The legal battles over former President Bill Clinton's sexual peccadilloes
seemingly will never end. Federal judges in San Francisco ruled Tuesday that
a lower court should not have dismissed all of Gennifer Flowers' defamation and
conspiracy complaint against James Carville and George Stephanopoulos and
ordered a trial on some charges.
Flowers' complaint is partly directed at statements Carville and
Stephanopoulos made on Larry King Live in 1998 and during a 2000 CNBC
interview with Tim Russert accusing her of doctoring tapes she made of
phone calls between her and Bill Clinton.
Although the appeals judges agreed with the lower court's decision to drop
some other charges, they said accusations of doctoring could be found libelous.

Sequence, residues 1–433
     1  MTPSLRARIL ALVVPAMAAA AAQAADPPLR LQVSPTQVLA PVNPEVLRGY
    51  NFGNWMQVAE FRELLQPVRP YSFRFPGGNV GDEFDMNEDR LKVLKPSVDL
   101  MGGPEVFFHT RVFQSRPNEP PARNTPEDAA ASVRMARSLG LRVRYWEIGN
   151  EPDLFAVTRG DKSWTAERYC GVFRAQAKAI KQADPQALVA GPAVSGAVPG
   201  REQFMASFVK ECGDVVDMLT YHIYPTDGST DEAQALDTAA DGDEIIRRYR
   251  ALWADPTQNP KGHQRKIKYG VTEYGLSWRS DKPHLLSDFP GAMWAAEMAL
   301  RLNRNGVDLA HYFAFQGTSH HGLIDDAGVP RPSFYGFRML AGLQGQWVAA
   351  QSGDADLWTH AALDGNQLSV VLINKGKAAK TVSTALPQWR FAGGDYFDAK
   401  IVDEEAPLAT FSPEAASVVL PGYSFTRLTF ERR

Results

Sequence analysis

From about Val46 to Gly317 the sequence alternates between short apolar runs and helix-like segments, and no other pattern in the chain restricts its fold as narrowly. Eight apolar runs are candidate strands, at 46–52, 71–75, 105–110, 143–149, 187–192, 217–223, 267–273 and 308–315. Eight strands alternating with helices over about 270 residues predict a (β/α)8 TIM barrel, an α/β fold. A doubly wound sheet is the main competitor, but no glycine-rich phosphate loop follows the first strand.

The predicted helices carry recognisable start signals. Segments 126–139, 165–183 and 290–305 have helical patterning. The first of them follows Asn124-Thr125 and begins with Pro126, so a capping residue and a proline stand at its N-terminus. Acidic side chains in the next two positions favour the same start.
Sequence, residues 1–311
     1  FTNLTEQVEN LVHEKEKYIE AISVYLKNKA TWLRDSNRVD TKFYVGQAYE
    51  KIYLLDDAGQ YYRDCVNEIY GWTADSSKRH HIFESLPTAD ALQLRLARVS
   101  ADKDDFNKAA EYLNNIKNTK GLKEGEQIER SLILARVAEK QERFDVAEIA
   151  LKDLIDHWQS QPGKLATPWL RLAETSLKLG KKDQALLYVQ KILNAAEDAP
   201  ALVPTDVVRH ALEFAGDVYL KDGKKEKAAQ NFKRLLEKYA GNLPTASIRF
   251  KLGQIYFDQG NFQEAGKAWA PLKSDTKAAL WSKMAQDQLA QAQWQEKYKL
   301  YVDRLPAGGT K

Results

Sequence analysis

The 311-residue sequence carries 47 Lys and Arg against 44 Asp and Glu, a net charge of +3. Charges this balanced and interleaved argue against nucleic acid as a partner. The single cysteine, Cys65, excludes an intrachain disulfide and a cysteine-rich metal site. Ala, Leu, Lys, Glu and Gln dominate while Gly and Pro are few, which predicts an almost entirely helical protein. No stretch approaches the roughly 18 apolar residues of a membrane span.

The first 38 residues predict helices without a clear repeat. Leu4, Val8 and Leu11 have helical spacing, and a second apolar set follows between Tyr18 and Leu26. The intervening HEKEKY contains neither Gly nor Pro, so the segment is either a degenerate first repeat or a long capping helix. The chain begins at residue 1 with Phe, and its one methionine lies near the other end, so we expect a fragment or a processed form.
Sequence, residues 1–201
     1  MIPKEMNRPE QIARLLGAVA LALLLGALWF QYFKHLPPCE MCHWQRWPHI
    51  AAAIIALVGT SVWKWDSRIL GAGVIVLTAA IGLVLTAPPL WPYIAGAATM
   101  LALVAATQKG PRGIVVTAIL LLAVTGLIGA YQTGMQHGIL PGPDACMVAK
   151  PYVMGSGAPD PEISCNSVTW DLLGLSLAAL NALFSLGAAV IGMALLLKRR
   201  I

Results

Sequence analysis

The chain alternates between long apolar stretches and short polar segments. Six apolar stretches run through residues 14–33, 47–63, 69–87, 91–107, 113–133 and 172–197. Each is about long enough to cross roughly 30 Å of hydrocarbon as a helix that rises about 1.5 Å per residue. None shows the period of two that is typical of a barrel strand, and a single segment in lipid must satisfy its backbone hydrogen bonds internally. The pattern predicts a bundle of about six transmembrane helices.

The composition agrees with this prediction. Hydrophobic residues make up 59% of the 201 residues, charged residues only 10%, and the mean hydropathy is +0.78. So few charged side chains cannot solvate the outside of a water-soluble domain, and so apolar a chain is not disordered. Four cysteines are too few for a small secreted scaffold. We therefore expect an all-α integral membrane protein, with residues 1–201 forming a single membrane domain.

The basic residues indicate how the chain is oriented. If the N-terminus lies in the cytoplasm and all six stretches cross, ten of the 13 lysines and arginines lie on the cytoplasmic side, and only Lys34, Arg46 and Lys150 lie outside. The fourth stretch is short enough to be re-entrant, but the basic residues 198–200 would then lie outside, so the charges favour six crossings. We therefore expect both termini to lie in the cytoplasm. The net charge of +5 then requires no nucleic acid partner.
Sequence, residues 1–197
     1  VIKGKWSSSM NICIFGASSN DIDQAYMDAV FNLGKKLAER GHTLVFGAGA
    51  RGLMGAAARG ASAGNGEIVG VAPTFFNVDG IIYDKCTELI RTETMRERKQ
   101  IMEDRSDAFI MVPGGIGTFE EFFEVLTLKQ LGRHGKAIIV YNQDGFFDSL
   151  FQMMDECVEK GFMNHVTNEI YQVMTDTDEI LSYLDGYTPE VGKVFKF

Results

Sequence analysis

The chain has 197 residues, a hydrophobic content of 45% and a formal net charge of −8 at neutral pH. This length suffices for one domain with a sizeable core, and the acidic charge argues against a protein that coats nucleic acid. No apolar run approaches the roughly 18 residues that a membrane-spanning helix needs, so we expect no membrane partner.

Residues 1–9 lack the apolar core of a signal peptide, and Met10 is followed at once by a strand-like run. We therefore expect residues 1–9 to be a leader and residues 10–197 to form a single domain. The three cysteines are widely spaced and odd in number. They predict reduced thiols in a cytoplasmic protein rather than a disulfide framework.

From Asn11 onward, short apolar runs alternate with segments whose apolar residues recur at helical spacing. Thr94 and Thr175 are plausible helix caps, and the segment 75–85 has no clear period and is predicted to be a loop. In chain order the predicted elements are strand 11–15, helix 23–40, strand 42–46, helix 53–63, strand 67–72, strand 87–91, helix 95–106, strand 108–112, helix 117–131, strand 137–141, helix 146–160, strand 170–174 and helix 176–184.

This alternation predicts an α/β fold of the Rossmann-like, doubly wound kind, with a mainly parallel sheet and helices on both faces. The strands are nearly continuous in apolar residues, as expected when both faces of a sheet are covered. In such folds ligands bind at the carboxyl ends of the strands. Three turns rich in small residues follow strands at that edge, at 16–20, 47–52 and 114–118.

The appeals panel also said the lower court erred by finding that Flowers' suit
was filed after a statue of limitations had expired. Despite allowing her suit
to go forward, the court said Flowers, a public figure, faces an uphill battle
proving that Carville and Stephanopoulos knew that their statements were false and made
them with "actual malice," as libel law requires. "It may be improbable that
Flowers will find evidence to support her claims, but improbable is not the same
as impossible," the judges wrote.
The appeals court upheld dismissal of charges that Hillary Clinton illegally
exposed private information about Flowers and organized break-ins of Flowers'